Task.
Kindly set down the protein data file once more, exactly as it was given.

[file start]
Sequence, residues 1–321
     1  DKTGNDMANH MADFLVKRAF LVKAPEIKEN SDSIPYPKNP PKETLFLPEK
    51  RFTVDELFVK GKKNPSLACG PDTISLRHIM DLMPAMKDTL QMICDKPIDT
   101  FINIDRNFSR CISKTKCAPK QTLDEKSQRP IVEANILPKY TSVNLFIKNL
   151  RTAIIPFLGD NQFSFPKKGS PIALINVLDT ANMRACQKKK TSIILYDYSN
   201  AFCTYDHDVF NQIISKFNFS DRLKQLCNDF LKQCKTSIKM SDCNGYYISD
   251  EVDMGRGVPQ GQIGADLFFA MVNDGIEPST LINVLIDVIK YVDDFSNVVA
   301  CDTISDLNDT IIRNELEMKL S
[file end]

Sequence, residues 1–321
     1  DKTGNDMANH MADFLVKRAF LVKAPEIKEN SDSIPYPKNP PKETLFLPEK
    51  RFTVDELFVK GKKNPSLACG PDTISLRHIM DLMPAMKDTL QMICDKPIDT
   101  FINIDRNFSR CISKTKCAPK QTLDEKSQRP IVEANILPKY TSVNLFIKNL
   151  RTAIIPFLGD NQFSFPKKGS PIALINVLDT ANMRACQKKK TSIILYDYSN
   201  AFCTYDHDVF NQIISKFNFS DRLKQLCNDF LKQCKTSIKM SDCNGYYISD
   251  EVDMGRGVPQ GQIGADLFFA MVNDGIEPST LINVLIDVIK YVDDFSNVVA
   301  CDTISDLNDT IIRNELEMKL S